The present results indicate that chronic administration of a selective SGLT2 inhibitor luseogliflozin is very effective in controlling hyperglycemia in Dahl‐STZ model of diabetic nephropathy. It reduced renal hyperfiltration and glomerular and tubular injury but not the development of proteinuria. Lisinopril reduced the development of proteinuria, renal hyperfiltration, glomerular injury and renal fibrosis due to a reduction in blood pressure in this model. Combination therapy with luseogliflozin and lisinopril was more effective at lowering blood pressure and preventing the development of proteinuria and renal injury than administration of either agent alone. These findings are consistent with our recent findings that administration of luseogliflozin alone and in combination with lisinopril slowed the progression of renal disease in a type 2 model of diabetic nephropathy with preexisting renal injury (Kojima et al. 2013). The results suggest that effective control of both hyperglycemia and blood pressure with combined treatment with SGLT2 and ACE inhibitors is an attractive therapeutic option for treatment of both type 1 and 2 diabetes that can slow the development and progression of CKD.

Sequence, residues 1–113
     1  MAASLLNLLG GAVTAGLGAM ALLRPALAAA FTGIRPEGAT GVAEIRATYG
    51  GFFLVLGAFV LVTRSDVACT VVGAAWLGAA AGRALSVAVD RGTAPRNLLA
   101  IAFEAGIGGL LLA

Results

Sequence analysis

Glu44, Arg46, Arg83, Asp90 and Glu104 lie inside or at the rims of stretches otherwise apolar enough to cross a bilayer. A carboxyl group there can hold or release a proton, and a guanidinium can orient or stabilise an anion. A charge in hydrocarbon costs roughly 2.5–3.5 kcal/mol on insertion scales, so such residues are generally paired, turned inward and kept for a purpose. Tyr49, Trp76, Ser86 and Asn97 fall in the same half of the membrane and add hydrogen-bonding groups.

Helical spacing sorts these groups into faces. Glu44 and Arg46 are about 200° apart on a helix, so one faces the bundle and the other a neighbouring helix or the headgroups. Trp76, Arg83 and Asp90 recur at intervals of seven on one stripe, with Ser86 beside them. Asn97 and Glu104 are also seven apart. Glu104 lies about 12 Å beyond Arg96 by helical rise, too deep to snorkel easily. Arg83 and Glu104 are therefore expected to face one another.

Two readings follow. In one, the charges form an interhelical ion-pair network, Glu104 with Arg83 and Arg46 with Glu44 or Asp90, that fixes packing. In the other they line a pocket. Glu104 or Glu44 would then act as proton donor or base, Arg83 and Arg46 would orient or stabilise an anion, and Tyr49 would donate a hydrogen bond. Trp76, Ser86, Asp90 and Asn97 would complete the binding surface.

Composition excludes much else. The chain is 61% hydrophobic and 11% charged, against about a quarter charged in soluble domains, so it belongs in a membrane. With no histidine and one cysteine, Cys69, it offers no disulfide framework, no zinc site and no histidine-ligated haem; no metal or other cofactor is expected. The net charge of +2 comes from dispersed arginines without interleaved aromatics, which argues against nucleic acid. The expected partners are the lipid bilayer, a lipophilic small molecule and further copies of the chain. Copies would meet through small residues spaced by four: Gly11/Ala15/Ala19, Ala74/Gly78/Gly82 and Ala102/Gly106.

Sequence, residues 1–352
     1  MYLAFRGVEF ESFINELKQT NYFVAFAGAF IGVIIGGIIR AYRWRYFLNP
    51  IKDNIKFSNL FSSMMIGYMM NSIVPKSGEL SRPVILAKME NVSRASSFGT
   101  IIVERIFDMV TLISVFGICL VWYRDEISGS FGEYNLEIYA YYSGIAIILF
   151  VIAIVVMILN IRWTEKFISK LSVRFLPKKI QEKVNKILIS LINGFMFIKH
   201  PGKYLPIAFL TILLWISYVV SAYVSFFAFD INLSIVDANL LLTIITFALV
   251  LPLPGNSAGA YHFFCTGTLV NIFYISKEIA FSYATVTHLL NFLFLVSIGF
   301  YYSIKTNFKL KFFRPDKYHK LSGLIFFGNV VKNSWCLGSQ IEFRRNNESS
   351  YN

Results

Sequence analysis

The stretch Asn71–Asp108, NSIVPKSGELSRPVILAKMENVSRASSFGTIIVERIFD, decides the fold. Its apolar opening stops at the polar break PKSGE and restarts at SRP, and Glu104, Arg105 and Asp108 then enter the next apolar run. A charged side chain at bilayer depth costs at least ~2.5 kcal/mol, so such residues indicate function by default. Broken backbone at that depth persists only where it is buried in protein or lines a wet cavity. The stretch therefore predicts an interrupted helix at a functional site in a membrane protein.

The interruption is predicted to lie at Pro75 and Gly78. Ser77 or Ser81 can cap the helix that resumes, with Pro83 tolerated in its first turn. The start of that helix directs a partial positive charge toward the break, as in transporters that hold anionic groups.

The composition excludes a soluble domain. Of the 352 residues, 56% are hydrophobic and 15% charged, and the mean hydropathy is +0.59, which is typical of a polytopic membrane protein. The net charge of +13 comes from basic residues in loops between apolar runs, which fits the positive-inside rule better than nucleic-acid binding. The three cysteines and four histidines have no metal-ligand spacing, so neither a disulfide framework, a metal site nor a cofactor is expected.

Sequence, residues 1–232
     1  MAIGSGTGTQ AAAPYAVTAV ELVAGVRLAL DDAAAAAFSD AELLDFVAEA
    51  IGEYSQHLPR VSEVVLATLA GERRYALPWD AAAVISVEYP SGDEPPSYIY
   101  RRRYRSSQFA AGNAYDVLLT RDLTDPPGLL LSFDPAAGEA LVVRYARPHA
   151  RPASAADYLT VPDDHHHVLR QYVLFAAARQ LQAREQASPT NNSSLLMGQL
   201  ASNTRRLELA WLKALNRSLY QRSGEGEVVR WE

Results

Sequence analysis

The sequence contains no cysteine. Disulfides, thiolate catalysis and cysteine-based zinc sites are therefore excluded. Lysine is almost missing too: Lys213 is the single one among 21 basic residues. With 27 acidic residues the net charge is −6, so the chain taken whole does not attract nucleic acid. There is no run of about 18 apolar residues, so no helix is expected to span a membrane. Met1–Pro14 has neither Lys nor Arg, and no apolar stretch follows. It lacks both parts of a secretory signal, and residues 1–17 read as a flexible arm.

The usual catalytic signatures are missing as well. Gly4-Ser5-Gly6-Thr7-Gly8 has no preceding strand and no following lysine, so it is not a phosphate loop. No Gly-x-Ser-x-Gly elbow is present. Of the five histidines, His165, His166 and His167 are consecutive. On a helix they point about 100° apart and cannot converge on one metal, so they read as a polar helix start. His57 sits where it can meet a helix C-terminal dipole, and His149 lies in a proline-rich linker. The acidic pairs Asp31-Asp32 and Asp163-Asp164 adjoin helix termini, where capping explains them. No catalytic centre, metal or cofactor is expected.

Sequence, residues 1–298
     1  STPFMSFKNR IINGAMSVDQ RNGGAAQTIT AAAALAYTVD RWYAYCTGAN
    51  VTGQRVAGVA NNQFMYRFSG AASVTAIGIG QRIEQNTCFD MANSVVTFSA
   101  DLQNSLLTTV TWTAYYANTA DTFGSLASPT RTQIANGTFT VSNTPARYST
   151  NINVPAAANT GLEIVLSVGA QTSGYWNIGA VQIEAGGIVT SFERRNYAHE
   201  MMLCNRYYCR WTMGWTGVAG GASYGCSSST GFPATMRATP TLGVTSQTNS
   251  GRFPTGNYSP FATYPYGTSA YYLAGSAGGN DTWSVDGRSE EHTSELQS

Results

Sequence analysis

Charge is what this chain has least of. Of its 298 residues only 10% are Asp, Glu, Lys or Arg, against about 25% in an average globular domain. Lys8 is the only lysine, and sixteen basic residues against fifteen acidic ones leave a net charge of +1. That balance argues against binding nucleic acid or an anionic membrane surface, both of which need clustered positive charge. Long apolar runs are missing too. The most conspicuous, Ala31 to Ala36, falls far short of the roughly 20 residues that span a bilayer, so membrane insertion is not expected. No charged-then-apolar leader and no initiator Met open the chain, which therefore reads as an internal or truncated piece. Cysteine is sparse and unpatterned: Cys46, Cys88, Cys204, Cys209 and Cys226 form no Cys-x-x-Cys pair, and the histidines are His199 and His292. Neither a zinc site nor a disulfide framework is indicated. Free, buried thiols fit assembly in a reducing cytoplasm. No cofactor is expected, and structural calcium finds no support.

Conflict of Interest
This study was funded by a contract research agreement from Taisho Pharmaceutical Co., Ltd. to evaluate the renal effects of luseogliflozin.
The authors thank A. Mitani in Taisho Pharmaceutical Co., Ltd. for helpful support and comment, and C. Purser and R. Baker in the University of Mississippi Medical Center for the LC/MS/MS analysis of plasma luseogliflozin concentrations.
This study was funded in part from a grant HL36279 from the National Institutes of Health and funds provided by a contract research agreement from Taisho Pharmaceutical Co., Ltd., Saitama, Japan to evaluate the renal effects of luseogliflozin.
- Manuscript Received: May 14, 2015.
- Manuscript Accepted: May 29, 2015.
- © 2015 The Authors. Physiological Reports published by Wiley Periodicals, Inc. on behalf of the American Physiological Society and The Physiological Society.